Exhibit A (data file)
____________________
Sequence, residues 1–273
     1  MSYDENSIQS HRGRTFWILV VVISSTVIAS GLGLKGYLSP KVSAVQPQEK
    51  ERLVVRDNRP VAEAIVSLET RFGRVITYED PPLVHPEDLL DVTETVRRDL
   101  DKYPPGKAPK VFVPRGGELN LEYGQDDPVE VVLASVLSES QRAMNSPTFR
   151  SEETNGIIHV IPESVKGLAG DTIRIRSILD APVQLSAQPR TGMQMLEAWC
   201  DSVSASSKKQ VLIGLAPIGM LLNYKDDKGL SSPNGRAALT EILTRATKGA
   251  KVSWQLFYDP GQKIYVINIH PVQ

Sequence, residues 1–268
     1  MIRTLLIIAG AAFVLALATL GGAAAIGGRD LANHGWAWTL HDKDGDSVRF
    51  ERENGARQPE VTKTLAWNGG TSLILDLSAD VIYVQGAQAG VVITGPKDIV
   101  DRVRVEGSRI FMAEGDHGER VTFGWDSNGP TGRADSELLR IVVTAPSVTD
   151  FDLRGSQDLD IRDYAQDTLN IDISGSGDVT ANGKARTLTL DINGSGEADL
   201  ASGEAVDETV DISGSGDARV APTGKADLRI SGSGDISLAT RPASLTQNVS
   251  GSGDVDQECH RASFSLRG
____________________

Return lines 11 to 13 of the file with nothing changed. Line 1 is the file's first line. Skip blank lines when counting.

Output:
   101  DRVRVEGSRI FMAEGDHGER VTFGWDSNGP TGRADSELLR IVVTAPSVTD
   151  FDLRGSQDLD IRDYAQDTLN IDISGSGDVT ANGKARTLTL DINGSGEADL
   201  ASGEAVDETV DISGSGDARV APTGKADLRI SGSGDISLAT RPASLTQNVS